Various leadership experts use different terms for these categories, but they would all recognize the vital contributions these different types of leaders bring to an organization. Leadership theory says that the conflicting agendas and motivations of these five kinds of leaders will tend to pull them in different directions. But if these five could be properly developed, focused, and coordinated, together they would create a very potent leadership team.

Imagine a leadership system in any setting (corporate, governmental, non-profit, educational, etc.) where the entrepreneurial innovator interacts dynamically with the disturber of the status quo. Imagine that both are in active dialogue and relationship with the passionate communicator/recruiter, the infectious person who carries the message beyond organizational borders and sells the idea/s or product/s. And these in turn are in constant engagement with the emotionally intelligent humanizer (HR) and the philosopher-leader who is able to articulate core ideas and pass them on. Clearly the combination of these different leadership styles is greater than the sum of its parts.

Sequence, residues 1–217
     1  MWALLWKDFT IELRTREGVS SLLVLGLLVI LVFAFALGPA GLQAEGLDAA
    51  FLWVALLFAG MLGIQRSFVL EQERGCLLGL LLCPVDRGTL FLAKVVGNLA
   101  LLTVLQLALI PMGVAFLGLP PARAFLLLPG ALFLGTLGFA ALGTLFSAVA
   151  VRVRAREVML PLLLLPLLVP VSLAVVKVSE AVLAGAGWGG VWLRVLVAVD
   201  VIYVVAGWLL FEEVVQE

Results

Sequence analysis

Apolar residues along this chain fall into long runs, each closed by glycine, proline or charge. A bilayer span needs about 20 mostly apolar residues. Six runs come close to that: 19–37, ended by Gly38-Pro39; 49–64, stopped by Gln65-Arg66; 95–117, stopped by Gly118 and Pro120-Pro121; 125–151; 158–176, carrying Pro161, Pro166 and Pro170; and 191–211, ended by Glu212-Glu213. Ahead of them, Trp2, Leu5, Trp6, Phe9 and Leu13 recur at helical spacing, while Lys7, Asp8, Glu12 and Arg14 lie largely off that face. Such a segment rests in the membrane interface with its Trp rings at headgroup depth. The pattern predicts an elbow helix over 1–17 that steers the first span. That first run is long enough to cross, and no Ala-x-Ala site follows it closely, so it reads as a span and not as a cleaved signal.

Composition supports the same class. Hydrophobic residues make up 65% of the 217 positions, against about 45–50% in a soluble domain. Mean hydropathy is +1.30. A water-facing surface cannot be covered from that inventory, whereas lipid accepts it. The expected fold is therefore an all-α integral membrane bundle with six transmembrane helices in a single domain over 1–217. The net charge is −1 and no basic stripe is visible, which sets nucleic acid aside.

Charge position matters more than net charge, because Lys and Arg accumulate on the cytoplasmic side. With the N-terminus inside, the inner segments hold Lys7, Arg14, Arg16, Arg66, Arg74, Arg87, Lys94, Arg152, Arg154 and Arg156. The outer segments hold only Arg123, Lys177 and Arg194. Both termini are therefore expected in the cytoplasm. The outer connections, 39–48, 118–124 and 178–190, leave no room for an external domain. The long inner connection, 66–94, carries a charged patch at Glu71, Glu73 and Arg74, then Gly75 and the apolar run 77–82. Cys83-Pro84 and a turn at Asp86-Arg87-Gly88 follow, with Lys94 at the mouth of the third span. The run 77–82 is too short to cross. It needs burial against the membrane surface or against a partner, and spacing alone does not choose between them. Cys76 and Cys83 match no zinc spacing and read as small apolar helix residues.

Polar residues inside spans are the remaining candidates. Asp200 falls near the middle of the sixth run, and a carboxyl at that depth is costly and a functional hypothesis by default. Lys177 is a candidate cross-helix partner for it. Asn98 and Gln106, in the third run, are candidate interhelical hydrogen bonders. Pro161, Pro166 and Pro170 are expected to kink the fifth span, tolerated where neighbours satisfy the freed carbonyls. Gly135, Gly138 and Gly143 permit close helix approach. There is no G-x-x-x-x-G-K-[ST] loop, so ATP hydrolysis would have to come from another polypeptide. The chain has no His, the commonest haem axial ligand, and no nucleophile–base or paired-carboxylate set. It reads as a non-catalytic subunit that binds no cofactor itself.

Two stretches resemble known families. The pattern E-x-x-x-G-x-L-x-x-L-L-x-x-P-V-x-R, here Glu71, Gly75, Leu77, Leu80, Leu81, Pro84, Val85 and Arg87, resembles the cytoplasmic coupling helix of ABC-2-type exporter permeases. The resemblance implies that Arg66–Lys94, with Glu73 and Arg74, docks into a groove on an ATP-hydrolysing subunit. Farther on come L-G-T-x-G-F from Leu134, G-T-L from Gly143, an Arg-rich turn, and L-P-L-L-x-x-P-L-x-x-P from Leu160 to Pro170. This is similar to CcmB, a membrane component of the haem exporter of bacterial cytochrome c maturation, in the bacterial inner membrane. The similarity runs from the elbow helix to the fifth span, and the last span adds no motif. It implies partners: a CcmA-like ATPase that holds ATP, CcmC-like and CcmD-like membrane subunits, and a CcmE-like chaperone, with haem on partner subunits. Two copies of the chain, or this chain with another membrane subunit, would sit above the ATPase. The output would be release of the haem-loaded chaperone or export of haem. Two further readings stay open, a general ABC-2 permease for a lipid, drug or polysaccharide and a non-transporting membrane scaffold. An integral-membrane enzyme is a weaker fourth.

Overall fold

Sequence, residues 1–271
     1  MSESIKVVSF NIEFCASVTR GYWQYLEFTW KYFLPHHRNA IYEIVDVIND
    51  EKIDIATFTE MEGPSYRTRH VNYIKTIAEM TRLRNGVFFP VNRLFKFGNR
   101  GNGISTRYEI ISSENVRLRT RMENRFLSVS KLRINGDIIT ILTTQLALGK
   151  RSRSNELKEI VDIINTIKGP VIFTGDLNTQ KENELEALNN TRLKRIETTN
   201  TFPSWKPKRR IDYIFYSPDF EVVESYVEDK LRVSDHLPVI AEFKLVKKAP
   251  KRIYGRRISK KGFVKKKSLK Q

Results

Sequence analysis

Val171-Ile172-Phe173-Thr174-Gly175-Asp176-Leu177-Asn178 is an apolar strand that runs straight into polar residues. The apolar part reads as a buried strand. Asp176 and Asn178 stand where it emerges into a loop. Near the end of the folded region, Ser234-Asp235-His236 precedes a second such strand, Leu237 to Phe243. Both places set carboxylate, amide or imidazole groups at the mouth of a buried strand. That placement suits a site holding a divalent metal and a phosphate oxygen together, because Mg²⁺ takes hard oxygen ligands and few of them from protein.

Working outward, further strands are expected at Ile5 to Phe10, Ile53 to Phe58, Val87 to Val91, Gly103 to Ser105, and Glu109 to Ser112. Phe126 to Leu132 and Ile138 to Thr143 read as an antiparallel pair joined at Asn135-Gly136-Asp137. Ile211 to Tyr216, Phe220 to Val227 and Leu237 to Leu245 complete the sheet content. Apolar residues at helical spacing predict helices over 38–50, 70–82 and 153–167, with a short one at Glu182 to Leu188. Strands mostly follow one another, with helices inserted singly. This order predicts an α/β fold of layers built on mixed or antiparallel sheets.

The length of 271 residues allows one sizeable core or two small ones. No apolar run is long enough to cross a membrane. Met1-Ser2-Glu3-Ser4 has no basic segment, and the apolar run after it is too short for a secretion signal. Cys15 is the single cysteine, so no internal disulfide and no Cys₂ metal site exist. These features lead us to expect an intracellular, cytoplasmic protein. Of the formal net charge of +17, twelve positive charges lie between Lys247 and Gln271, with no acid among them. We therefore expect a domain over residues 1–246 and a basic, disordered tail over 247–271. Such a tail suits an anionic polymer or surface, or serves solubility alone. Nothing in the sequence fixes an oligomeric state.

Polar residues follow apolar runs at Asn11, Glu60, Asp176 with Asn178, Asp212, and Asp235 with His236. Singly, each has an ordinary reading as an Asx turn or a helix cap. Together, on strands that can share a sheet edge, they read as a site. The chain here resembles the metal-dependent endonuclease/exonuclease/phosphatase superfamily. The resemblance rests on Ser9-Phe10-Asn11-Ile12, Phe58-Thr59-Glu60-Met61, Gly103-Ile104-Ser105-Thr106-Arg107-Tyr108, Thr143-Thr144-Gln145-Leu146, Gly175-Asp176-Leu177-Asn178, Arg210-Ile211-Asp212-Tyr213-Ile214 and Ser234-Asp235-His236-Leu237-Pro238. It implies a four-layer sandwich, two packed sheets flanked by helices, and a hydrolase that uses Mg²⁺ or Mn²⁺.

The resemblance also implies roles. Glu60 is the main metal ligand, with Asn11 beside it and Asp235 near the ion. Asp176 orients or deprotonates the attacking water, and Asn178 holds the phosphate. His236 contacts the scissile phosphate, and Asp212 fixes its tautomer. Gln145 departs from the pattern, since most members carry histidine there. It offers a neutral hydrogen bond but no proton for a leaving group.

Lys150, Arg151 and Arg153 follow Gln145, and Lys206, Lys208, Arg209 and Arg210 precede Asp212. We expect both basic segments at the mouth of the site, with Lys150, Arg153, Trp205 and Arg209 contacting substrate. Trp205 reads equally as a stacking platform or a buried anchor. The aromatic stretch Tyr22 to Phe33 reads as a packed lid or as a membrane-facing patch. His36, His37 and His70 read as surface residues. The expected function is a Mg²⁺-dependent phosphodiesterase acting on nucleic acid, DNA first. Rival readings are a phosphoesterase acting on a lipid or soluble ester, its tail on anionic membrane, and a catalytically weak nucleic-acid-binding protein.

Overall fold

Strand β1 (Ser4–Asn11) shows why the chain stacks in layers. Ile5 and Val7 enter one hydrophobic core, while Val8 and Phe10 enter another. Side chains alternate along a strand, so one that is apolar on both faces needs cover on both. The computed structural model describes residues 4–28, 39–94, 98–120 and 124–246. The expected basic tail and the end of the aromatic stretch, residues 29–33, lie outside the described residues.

Because of our search for a more distinctly missional leadership model at South Melbourne Restoration Community, we decided about eight years ago to implement the APEST model at our church.

The first step was restructuring the leadership so we could ensure that all five ministries were present on the team. Each member of the team would represent one aspect of the fivefold model and be responsible for heading up a team related to that area of ministry.

We appointed an apostolic leader to oversee the team focusing on the translocal, missional, strategic, and experimental issues facing the church.

The prophetic leader initiated a team focused on listening to God, discerning his will for us, being aware of social justice issues we could address, and questioning the status quo of an increasingly middle class church.

The evangelist among us developed a team to oversee and develop outreach.

The shepherd's team strengthened community, cell-groups, worship, counseling, and generally enhanced the relational capacity of the church.

The teaching team's task was to create contexts for learning and develop the love of wisdom and understanding through Bible studies and theological discussion groups.

Our structure went from a traditional Christendom hierarchy with a shepherd/teacher at the top, to a team structure with all five ministry functions playing a vital role.